And finally – where can we hear or see a glimpse of you? Any upcoming events?

Not in the immediate future, no; but I’m working on setting up some shows in Philly for the fall, including one with Benoit Pioulard. I do, however, have a new E.P. coming out shortly on Rural Colours.

You can see, hear and probably even meet Radere all over the Philadelphia electronic music scene. More specifically you can listen to him here on his Soundcloud page. Or check out new album A Process in The Weather Of The Heart at Full Spectrum Records.

Listen To More… Pony Pony Run Run

By Alex Brammer on 18 May 2010

One of the bands that really caught my eye last weekend at Brighton’s Great Escape Festival was  Pony Pony Run Run. In their native France the band are blowing up bigtime. They’ve sold out 3,000 capacity venues as well as tours with Simple Minds, Calvin Harris and La Roux, and are certainly set for a big future. Show the rest of this post…

Their infectiously catchy debut single Hey You was released last September. It stormed straight into the Hype Machine Top 10 as well as gaining glowing reviews from Guardian Unlimited. PPRR are brothers Gaëtan and Amaël and friend Antonin, a 3-piece from Nantes France. Their sound is a perfect slice of genre-bending nuclear power pop with beautifully written lyrics and buzzy synths that only the French do so well. Ultimately PPRR play dance music for people who love their pop, and they’re not afraid to say it.

Their new single Walking On A Line is released in the UK June 7th on 3ME Bureau, though you can listen to a preview below.

Listen To More… Hey Zeus

By Asher Wren on 24 Mar 2010

Hey Zeus are one of the hottest Indie bands to explode onto the Manchester scene for a long time.. And I mean literally explode – with just three shows under their  belt, and barely a full complement, Hey Zeus smashed all competition to be crowned  best unsigned band in Manchester in the back-end of 2009 – an accolade which saw the young four-piece supporting the likes of Snow Patrol, Happy Mondays and KiD BRiTiSH at the MEN Arena in December. Show the rest of this post…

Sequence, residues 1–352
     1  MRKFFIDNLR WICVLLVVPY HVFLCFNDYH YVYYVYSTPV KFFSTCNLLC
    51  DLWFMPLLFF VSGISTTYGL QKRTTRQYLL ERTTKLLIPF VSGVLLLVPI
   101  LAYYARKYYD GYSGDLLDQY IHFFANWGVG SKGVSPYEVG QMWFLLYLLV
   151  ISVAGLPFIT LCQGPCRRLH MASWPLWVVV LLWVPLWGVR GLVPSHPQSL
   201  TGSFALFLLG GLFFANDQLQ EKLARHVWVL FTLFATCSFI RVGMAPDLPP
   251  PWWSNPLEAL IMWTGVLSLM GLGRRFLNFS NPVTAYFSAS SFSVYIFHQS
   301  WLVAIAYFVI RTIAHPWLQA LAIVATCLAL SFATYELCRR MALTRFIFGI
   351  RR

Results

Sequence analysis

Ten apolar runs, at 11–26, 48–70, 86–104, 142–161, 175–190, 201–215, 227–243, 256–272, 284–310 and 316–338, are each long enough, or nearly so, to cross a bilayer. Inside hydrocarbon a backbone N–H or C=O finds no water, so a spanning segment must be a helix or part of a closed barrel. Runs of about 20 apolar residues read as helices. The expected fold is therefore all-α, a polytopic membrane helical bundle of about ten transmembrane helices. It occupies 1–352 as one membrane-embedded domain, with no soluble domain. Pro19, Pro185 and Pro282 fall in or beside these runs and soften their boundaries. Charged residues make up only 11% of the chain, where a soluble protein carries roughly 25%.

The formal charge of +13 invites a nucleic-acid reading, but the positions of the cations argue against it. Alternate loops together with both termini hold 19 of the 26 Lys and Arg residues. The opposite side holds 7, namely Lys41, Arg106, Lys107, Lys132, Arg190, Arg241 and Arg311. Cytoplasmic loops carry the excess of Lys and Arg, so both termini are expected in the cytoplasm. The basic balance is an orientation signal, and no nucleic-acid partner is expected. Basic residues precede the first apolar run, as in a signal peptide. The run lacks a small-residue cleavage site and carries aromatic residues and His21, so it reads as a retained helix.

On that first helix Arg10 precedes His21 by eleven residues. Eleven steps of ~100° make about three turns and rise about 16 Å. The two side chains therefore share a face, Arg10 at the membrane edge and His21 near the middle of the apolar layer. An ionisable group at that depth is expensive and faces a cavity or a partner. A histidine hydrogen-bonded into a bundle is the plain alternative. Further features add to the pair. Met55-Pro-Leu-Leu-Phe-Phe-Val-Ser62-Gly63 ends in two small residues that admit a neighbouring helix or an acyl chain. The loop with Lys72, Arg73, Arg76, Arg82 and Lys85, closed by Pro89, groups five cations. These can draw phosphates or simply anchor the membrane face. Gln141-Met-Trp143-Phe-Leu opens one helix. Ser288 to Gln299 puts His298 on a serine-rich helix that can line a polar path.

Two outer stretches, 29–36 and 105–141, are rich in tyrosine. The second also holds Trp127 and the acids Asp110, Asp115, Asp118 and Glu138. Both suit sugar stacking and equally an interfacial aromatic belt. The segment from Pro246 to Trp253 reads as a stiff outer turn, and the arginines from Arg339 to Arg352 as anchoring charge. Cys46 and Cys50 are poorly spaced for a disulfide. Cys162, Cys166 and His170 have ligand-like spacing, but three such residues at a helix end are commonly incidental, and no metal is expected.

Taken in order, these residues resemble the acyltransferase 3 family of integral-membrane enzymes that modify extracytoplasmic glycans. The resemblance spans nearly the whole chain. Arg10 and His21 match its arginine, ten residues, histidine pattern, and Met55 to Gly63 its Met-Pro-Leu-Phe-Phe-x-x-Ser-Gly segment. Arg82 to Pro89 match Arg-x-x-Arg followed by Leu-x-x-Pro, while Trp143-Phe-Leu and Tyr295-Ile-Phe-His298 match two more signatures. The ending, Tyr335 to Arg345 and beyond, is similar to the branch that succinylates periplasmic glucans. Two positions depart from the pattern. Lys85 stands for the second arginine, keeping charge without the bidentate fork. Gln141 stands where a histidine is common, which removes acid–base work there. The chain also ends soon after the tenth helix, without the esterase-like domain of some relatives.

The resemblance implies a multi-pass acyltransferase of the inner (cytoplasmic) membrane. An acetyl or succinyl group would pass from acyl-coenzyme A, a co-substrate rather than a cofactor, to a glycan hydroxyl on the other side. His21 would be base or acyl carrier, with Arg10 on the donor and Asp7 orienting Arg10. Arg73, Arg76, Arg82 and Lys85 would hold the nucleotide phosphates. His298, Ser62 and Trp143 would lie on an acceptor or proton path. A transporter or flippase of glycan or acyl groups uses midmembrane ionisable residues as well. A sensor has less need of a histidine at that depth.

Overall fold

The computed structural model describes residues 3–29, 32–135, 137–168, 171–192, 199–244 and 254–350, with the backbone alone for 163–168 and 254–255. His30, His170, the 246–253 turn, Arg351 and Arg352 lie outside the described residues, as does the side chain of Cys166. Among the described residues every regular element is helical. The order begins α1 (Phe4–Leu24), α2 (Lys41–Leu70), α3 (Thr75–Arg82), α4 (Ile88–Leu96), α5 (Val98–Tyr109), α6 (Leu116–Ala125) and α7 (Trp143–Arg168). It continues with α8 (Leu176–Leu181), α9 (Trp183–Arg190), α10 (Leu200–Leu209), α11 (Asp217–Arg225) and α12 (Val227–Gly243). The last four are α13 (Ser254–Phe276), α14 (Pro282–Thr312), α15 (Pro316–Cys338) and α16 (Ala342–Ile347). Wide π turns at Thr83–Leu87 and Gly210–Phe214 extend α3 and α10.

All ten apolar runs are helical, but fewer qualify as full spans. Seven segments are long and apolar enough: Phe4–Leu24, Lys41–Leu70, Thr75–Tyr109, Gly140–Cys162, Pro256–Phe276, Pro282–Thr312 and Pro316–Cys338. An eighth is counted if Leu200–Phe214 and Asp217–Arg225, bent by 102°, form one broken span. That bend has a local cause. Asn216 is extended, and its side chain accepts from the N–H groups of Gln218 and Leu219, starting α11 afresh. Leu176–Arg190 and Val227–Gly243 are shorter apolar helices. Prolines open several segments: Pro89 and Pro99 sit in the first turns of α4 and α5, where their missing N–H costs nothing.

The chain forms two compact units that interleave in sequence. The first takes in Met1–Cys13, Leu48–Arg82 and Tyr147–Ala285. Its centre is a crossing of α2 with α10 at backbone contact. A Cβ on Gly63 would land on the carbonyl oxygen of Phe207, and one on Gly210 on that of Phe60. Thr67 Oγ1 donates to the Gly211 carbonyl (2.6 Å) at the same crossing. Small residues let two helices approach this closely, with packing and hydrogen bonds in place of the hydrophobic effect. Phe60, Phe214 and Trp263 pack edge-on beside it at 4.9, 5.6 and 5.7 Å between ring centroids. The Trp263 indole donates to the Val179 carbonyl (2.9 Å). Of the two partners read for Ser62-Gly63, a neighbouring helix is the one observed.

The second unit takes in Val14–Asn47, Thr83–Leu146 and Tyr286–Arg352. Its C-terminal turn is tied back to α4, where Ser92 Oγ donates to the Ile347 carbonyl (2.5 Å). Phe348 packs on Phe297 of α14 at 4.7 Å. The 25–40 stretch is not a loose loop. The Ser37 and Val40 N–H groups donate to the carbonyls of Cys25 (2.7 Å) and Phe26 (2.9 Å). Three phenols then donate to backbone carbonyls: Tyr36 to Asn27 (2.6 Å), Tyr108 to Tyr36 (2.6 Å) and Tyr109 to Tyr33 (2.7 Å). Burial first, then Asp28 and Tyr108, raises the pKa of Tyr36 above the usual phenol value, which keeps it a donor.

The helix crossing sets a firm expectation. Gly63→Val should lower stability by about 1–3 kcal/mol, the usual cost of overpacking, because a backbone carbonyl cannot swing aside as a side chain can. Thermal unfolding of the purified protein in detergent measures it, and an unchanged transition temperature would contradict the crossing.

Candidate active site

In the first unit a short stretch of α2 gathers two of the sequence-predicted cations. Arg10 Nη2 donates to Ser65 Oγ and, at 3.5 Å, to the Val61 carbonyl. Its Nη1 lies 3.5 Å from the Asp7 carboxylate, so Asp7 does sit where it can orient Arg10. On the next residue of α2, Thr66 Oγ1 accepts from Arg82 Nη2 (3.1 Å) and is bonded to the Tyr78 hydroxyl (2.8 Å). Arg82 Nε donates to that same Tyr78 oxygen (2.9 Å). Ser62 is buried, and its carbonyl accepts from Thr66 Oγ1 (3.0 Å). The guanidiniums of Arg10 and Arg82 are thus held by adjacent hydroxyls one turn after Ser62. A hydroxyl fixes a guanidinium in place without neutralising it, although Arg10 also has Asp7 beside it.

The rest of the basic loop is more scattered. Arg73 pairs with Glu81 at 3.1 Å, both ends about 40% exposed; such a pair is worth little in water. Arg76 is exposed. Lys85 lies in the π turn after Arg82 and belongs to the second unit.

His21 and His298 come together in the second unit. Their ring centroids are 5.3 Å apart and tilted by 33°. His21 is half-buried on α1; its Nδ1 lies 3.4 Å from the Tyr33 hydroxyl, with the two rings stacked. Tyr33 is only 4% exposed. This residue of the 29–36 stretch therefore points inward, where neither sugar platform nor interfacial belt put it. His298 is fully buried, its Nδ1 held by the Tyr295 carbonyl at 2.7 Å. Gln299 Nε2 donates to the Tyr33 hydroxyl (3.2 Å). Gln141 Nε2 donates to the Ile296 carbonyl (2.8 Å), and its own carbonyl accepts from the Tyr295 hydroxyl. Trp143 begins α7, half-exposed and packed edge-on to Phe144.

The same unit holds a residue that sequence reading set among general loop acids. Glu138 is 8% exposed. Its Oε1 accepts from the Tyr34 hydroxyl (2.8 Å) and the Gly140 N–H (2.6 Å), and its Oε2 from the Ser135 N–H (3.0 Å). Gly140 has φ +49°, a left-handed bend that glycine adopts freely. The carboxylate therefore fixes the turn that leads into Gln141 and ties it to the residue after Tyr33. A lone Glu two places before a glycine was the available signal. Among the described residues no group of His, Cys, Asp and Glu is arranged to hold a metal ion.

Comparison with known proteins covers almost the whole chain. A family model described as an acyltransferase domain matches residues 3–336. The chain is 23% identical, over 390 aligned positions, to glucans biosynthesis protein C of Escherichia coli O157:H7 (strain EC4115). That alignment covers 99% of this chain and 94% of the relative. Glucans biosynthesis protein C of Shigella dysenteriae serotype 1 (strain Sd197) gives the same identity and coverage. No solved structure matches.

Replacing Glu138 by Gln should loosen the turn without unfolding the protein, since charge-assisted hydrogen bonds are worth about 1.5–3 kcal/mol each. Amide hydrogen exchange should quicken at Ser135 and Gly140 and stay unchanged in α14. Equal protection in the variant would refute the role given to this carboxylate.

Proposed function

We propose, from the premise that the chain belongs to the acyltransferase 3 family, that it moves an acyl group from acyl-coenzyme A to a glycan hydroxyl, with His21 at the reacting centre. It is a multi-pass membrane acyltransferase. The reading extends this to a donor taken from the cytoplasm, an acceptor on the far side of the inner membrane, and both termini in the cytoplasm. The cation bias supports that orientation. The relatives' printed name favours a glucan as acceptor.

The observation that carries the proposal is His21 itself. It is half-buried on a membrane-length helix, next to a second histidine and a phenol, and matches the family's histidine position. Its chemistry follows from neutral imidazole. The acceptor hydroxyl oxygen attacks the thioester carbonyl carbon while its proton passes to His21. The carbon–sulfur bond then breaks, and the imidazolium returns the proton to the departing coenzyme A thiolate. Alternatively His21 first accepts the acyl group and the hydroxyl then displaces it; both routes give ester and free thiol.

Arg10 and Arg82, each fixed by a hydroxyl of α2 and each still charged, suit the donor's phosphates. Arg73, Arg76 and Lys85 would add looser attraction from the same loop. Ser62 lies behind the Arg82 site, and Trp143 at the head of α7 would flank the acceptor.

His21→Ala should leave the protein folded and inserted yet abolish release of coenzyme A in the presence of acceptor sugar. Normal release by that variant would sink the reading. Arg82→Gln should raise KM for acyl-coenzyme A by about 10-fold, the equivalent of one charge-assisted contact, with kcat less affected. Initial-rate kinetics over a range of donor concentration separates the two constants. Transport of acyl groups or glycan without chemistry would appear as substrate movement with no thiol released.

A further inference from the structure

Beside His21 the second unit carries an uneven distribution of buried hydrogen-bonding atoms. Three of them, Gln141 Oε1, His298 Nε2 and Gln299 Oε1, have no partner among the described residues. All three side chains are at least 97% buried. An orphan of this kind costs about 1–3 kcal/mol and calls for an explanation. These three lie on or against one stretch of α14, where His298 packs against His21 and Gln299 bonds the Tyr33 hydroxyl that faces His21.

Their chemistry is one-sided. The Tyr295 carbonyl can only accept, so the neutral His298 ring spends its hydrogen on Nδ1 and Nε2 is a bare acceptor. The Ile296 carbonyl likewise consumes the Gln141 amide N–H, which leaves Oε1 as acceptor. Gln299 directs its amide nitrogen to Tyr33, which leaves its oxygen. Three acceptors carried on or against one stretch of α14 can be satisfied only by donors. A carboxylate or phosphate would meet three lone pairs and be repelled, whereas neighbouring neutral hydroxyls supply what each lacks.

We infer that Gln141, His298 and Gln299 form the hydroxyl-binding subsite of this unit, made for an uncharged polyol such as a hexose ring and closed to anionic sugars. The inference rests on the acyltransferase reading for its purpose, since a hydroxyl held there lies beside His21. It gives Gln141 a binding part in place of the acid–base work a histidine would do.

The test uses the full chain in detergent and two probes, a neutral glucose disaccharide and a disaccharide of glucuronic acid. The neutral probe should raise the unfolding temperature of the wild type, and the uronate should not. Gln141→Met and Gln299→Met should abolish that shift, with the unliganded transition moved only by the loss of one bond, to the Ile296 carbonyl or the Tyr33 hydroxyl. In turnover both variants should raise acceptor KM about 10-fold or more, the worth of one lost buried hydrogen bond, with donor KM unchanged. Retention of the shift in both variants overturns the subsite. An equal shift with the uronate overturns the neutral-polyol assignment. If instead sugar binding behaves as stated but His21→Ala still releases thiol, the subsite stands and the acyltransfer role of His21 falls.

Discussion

If that didn’t get your attention, then their blend of time-sig bending experimentalism a la bands such as At The Drive-In; Jagged, Caribbean-clean Vampire Weekend and Abe Vigoda-esque Indie guitars, and vocal melody Pop-sensibility – an homage to the likes of The Kooks… will.

Hey Zeus have only recorded a handful of tracks with which to adorn their MySpace so far – the strongest, Sirens, a triumph in intelligent Indie, complete with ethereal verses, strong pop-hook guitar melodies, intricate bass lines, jagged powerchords and an epic chant-along pop outro. The lads glide seamlessly and effortlessly through time signature changes in what is undoubtedly an incredible first effort.

Dont be surprised to see these boys getting festival recognition and hot support slots in the Summer of twenty ten!

You can listen to more Hey Zeus here.

Listen To More… Lissy Trullie

By Sam Bathe on 24 Sep 2009

Lissy Trullie

Real name Elizabeth McChesney, though it doesn’t quite have the same ring to it, Lissy Trullie is fresh off the New York music circuit causing a stir worldwide. Crafting spritely pop-tinged new wave rock, full of energy but with a scenester cool edge only New Yorkers know how, Lissy typifies everything great about the bands making it on the East coast. Show the rest of this post…